The general rule of thumb is that a pilot assumes command of a vessel and is not classed as "an advisor" in the Panama Canal, crossing the sill of a drydock , or in any port in Russia or, perhaps, all the old Soviet states. This distinction is important because when a pilot is in command, the master can not take any action, but is limited to advising the pilot on any circumstance that creates what he considers a dangerous situation. In the days before mechanical propulsion, an able seaman was expected to be able to "hand, and reef, and steer".

Training is more formal in modern merchant marines and navies, but still covers the basics. The crew of a large ship will typically be organized into "divisions" or "departments", each with its own specialty.

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For example, the deck division would be responsible for boat handling and general maintenance, while the engineering division would be responsible for propulsion and other mechanical systems. Crew start on the most basic duties and as they gain experience and expertise advance within their area. Crew who have gained proficiency become "able seamen", "petty officers", "rated", or "mates" depending on the organization to which they belong.

Hard Cover. Spine ends and corners bumped and rubbed. Extending sketches to interior. More information about this seller Contact this seller 5. First Edition. Copy in navy cloth on boards with title blind stamped on cover and gilt title on spine. Spine lightly sunned. Boards lightly scuffed. Corners bumped. Adverts as front and rear end papers. Previous owners inscription on front paste down.

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Several light internal cracks. Fold out chart at rear has closed tear along bottom edge. More information about this seller Contact this seller 6. Published by H. About this Item: H. Condition: Poor. Some scuffing and wear to the edges of the jacket. Old and tatty, the content is tanned. Still intact but fragile and best as a reference copy.

More information about this seller Contact this seller 7. Published by His Majesty's Stationery Office A secure and sure book in worn and aged condition. The navy blue cover is sturdy and sound.

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There is wear to the edges and seams and spine. The binding is healthy and robust. Inside, the contents are foxed, clear, diligent, competent, assured and comfortably confident. Seller Inventory aszh. More information about this seller Contact this seller 8. A copy that has been read, but remains in clean condition. All pages are intact, and the cover is intact.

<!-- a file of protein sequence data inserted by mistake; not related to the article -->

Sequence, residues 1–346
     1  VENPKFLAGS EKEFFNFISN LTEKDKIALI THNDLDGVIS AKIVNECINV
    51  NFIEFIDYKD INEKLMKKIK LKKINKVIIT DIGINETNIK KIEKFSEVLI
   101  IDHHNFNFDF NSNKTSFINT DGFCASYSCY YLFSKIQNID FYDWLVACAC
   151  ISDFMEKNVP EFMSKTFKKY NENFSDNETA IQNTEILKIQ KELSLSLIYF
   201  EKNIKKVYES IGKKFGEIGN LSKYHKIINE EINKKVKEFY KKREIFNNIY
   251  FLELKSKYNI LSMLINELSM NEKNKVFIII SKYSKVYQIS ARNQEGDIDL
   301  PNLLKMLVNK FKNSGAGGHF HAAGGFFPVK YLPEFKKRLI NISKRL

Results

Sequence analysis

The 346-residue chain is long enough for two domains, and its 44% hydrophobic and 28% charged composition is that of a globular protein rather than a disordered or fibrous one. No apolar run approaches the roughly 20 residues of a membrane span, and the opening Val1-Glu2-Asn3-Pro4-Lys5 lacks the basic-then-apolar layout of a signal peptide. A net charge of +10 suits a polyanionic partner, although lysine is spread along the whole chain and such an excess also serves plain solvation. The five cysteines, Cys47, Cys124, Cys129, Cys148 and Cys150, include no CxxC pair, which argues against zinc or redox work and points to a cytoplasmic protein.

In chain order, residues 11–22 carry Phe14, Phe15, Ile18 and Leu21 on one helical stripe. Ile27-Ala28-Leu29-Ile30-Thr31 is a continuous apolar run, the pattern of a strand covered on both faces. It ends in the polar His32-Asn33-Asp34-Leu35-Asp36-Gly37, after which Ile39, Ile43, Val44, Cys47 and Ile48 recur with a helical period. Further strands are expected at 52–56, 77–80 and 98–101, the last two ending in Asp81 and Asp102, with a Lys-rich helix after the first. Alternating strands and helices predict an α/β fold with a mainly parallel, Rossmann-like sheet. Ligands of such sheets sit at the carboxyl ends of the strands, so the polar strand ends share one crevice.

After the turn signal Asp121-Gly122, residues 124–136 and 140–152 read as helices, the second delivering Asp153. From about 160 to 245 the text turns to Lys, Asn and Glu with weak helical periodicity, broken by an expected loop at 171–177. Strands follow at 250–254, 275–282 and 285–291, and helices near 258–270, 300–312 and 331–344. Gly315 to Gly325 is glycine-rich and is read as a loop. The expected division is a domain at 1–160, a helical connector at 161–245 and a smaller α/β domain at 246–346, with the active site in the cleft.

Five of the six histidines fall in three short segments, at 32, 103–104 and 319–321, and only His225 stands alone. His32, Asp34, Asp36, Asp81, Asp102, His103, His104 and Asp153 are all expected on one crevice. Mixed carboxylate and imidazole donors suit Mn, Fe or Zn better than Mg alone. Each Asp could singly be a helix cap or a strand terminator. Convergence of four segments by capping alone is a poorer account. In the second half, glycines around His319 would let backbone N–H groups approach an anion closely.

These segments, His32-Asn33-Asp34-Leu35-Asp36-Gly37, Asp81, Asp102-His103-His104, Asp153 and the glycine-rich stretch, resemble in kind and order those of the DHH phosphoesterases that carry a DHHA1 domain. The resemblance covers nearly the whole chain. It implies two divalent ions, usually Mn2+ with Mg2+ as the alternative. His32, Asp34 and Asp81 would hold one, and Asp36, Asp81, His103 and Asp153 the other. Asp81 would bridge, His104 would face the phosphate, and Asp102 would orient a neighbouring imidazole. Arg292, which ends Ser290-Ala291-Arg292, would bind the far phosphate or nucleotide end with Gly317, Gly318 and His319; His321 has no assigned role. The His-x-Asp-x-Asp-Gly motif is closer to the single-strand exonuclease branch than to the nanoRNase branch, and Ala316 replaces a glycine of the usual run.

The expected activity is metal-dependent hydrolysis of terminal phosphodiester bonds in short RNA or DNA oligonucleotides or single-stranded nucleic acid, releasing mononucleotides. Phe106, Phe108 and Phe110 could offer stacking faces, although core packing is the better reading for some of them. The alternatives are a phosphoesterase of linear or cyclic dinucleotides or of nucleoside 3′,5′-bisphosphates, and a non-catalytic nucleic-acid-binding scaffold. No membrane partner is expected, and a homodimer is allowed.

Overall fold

The spine may show signs of wear. Pages can include limited notes and highlighting, and the copy can include previous owner inscriptions. More information about this seller Contact this seller 9. FREE U. Original, not a modern copy. Volume 1.

Spine damage. Seller Inventory E More information about this seller Contact this seller Published by King's Printer, Ottawa. About this Item: King's Printer, Ottawa. Hinges are repaired with black electrical tape. Boards are worn and soiled. Extremities are severely rubbed. Front board is bowed.

Corners are bumped. Gutters at front and back endpapers are cracked. Binding is holding together, though it is loose. Markings from previous owner at front and back pastedowns. Interior is age-toned and soiled, though text and images remain clear. Blue cloth. Contains illustrations and sketches. Moderate tanning, with light foxing and marking to pages. Moderate tanning and marking, with inscriptions to text block edges. Some rub-marking and heavy tanning to pastedowns and endpapers. Boards have moderate shelf wear, with rubbing and marking.

Light bumping to corners and crushing to spine ends. Binding remains firm, with slight warping to front board.

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Seller Inventory ANA. From Volume I only. Blue, speckled vinyl feel boards with blind stamped border line and lettering to front board. Gilt lettering and two bands to spine strip. Printed front paste down - advert. Bookseller HM Stationery Office stamp to title page. Includes: adverts; 14 chapters; illustrations; index. Illustrations within the text plus colour plates and fold outs. First chapter is entitled 'Naval Routine'. Text is clean. One fold out is torn.

Binding is quite tight but spine rolls - inner hinges weakened? Board corners bumped. Spine strip colour faded. Published by M About this Item: M, Condition: GOOD. Cover worn, slight spine damage. Illustrated w instructional diagrams.

The Admiralty Manual of Seamanship 12th edition

Fold-out diagram tipped in is creased but without tears. Unpaginated instructional plates tipped in. Front hinge repaired. Serviceman name stamped on ffep. Dark blue cloth w blindstamp lettering on cover, dulled gold lettering on spine. Corners rubbed and bumped, head and tail are worn, light wear to edges, joints are sound and binding rounded.